One of the more challenging issues shared by both educators and parents is helping young adults manage their smartphone and social media activity in a positive and healthy manner.
Recent studies indicate today’s students take longer to complete assigned work and experience a higher degree of anxiety when completing this work because they spend an extraordinary amount of time using their smartphones to check in on various social media apps. This behaviour is also having a negative impact on the quality of student sleep, which is concerning, as sleep is a critical component for effective learning.
As educators and parents there are several ways we can work together to help students develop better digital habits. As a means of helping our students take a break from their phones and spend more time socializing with their peers, we have made the Lodge a cell-phone free zone. Students in Grade 7 and 8 have limited use of their phones during the school day. Advisers in these grades are dedicating more time to the development of digital citizenship. We also have a guest speaker later this month who will explore the same topic with the entire student body.
We are also trying to help parents better understand social media and its impact on teenagers. Last week we hosted a session with social media expert Chris Vollum, as well as a follow up parent conversation. Later this year, Dr. Alex Russell will lead a workshop for parents on building resiliency in teenagers and in April, Dr. Greg Wells will offer a presentation for parents and students on the importance of sleep, diet, and exercise for teenagers.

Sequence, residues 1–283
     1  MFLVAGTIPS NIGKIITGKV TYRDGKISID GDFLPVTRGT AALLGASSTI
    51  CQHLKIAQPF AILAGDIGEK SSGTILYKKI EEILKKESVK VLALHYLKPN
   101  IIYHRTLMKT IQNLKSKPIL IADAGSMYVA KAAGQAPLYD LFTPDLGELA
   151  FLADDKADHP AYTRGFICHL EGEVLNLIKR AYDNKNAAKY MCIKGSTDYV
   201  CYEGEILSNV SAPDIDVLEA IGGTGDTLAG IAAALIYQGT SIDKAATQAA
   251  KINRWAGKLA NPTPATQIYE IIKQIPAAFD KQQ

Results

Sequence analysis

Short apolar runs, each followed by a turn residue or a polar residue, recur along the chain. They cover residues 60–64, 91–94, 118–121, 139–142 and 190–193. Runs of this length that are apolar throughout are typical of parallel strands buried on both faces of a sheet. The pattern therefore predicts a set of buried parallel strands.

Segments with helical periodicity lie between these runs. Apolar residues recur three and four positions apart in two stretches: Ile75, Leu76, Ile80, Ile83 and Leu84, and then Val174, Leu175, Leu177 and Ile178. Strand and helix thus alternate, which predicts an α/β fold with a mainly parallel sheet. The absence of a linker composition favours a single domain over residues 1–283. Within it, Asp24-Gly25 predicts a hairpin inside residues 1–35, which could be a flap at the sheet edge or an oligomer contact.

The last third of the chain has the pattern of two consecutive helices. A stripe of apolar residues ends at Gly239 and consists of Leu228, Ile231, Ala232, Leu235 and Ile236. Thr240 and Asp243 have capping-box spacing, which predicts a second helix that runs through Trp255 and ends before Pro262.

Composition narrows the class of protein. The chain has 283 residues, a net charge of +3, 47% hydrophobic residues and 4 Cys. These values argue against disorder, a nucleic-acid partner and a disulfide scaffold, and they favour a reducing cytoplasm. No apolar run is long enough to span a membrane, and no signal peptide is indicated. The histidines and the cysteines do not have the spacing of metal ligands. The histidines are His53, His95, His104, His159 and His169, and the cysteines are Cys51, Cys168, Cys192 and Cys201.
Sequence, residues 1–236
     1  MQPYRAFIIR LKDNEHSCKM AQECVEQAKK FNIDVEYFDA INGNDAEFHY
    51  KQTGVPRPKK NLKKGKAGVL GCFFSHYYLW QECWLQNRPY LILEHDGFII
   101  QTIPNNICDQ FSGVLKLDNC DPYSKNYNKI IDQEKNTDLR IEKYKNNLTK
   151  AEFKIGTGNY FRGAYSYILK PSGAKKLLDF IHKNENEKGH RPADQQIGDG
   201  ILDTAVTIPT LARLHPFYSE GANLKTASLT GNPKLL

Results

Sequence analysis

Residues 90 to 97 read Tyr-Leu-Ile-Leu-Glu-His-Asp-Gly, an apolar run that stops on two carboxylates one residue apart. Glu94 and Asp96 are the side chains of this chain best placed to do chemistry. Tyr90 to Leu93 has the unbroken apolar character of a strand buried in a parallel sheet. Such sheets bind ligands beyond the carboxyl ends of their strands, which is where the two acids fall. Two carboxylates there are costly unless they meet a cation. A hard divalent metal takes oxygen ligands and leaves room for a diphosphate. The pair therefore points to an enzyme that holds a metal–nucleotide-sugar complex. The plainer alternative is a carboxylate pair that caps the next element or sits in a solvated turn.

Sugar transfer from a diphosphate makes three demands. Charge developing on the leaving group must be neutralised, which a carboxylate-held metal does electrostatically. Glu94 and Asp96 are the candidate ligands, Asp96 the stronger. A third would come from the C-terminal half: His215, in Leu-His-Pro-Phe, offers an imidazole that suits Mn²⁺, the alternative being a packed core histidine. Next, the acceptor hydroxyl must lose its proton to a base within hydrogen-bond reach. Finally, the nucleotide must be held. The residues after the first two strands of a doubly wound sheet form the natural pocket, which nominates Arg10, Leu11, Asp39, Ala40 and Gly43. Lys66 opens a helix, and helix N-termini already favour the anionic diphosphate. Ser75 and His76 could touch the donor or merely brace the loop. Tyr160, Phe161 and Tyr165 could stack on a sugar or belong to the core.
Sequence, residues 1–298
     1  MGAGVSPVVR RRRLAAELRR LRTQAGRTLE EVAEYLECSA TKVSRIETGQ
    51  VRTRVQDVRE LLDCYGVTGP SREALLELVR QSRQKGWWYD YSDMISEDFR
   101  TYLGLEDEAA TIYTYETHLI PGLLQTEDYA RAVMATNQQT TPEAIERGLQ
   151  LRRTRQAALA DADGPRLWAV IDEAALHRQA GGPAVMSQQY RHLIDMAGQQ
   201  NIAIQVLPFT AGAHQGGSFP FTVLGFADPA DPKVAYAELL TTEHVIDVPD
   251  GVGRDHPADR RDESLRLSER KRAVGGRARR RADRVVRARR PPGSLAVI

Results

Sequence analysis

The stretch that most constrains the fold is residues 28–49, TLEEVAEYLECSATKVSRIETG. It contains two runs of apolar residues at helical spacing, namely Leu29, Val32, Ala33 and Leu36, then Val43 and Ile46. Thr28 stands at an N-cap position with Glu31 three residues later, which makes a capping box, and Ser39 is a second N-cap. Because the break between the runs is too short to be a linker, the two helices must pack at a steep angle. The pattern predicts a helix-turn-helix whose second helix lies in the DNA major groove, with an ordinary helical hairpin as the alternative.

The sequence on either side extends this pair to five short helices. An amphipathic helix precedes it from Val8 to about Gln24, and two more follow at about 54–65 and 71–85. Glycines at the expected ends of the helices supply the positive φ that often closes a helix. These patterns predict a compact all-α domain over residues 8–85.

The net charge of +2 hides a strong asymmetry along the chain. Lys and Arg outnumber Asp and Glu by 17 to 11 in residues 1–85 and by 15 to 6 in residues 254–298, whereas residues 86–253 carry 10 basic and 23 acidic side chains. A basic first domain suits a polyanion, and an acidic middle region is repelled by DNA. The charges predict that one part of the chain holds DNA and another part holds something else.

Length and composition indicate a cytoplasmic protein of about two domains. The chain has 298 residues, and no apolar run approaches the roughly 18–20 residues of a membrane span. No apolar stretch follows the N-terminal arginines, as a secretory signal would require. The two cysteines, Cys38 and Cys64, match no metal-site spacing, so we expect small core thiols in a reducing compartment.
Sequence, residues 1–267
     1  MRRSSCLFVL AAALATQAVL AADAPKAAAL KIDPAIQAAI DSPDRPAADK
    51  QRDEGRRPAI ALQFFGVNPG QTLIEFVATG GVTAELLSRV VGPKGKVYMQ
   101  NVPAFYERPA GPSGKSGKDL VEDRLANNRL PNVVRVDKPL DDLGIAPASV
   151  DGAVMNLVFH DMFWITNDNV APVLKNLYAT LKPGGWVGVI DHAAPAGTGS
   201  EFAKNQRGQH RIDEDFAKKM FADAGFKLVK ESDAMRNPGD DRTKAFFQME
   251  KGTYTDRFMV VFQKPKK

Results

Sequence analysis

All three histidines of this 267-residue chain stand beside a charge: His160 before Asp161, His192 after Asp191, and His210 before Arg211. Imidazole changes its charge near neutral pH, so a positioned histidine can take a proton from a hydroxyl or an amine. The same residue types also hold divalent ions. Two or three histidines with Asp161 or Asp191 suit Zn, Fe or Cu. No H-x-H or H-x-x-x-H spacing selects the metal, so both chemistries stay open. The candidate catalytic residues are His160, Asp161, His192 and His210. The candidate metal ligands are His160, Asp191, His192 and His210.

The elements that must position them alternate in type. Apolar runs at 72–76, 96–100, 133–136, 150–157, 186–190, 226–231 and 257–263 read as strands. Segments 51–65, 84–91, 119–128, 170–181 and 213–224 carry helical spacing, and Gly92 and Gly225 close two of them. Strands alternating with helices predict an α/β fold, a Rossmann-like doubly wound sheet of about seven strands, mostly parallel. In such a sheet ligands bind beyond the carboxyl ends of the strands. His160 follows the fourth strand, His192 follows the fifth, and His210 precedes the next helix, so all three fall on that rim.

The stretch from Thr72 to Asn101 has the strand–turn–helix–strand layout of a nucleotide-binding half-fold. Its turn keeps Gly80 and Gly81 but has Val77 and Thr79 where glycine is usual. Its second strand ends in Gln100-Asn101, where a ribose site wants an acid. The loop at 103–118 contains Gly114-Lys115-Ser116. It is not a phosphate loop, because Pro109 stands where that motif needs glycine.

Here are a few other things parents can do to help their children manage technology.
Ensure your children take a break from technology. Experts recommend taking a 10 to 15 minute break from technology after using it for 90 minutes.
Teenagers need 9 hours of sleep. To support good sleep habits, have all phones on a charger in some common area of your household (e.g. the kitchen) by 9 pm, as doing so, ensures phones are not being checked too close to bedtime or during the night.
One of the things we have learned from our work with Dr. Greg Wells is that protecting the hour before bedtime is critical to good sleep. Having children use the hour before bedtime to read some fiction or keep a journal is a good habit to develop.
Model effective technology usage habits for your children. Make meal time tech free time for your family. Consider minimizing alerts and notifications during meal time.
Use topical social media issues as a discussion point with your children. Of particular importance, is helping them understand that social media apps such as Instagram are a constructed reality, rather than reality itself.
Like you, we want our students to use technology in a way that benefits their learning and growth as individuals.